The three Urban County Council candidates in District 2 show promise of one day being able to fill the big shoes left by Tom Blues. But they have a ways to go.
A retired University of Kentucky professor, Blues is one of the council's most astute and productive members but is not seeking a fourth term.
Competing to succeed him are Shevawn Akers, Brannon Dunn and Lisa Sanden, all residents of newer suburbs along Leestown Road.
Of the three, Akers has the most varied experience and is running the best campaign by far. A social worker with a master's degree, she has volunteered her time to all sorts of good causes and progressive politics, from fighting breast cancer (she's a survivor) to promoting walking trails.
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She wants to advocate for parks in the 2nd District, where she says public amenities such as basketball and tennis courts have not kept pace with population growth. She's also an advocate for affordable housing.
Dunn, an entrepreneur and the Greater Lexington Apartment Association's 2012 maintenance technician of the year, would bring to the council important, but too often overlooked, perspectives and experience.
As a volunteer in Community Organizers of Lexington, or COOL, he is working to channel teens away from violence into constructive activities.
He's concerned about low-income suburban youngsters who are isolated with no access to bus service, no place to walk and no way to get to jobs if there were jobs for them. He also wants to end what he sees as the neglect of older neighborhoods such as Davis Bottom and Irishtown.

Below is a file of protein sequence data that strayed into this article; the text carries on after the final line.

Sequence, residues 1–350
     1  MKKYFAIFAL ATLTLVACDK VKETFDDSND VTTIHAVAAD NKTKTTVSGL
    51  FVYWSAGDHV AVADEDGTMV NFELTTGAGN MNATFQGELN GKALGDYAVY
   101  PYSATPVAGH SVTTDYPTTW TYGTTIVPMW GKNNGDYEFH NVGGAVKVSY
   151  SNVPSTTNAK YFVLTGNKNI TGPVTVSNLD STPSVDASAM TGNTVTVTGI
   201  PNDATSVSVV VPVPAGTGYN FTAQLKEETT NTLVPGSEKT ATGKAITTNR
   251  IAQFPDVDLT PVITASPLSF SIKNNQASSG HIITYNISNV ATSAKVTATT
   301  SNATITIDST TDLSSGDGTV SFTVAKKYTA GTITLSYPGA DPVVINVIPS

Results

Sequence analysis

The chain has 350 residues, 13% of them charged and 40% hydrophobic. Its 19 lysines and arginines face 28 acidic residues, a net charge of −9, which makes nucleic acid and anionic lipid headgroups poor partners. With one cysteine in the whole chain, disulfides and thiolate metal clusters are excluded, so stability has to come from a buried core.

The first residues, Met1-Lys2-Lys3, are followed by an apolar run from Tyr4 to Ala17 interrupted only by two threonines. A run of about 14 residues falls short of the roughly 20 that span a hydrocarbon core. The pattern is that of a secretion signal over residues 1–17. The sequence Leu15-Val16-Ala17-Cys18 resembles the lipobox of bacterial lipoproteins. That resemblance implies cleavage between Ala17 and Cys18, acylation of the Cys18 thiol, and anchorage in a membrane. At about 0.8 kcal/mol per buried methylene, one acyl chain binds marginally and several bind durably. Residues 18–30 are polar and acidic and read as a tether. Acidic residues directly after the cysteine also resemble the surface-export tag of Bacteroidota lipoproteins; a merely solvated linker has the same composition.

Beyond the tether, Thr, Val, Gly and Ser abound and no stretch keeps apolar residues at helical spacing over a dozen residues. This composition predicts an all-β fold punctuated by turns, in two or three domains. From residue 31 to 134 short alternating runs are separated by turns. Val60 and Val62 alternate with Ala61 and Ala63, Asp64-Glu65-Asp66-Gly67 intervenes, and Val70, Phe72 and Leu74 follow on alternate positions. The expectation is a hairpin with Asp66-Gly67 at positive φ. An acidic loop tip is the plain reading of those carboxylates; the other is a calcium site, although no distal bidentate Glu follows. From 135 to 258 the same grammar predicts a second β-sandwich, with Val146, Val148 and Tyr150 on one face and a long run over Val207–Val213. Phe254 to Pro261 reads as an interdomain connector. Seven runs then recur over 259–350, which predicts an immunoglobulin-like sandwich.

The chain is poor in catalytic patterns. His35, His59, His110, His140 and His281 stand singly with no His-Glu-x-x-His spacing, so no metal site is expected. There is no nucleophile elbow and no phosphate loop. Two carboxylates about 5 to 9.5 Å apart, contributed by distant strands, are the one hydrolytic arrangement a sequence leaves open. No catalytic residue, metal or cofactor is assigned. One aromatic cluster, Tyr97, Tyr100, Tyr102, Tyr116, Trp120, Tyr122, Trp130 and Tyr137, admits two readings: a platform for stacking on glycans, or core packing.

Sanden, founder of the Fayette County Cemetery Trust, has done more than anyone to protect Fayette County's forgotten family cemeteries from being obliterated as formerly rural areas are developed.
She is well informed and comes across as someone who does her homework and researches issues.
Her lackluster campaign has come as a disappointment. She has failed to file campaign finance reports and is considered delinquent by the state Registry of Election Finance. Her lack of engagement in the campaign raises concerns about whether she'd be engaged as a council member.
Our endorsements of Akers and Dunn to advance to the November ballot come with some reservations.
Dunn needs to sharpen his understanding of the council's role. While he's correct that education could solve many problems, the council has no say over schools and little role in education policy.
Both Dunn and Akers need to show an interest in digging into the nuts and bolts of the city's operations and a commitment to providing the time-consuming and sometimes mundane services required of a district council member.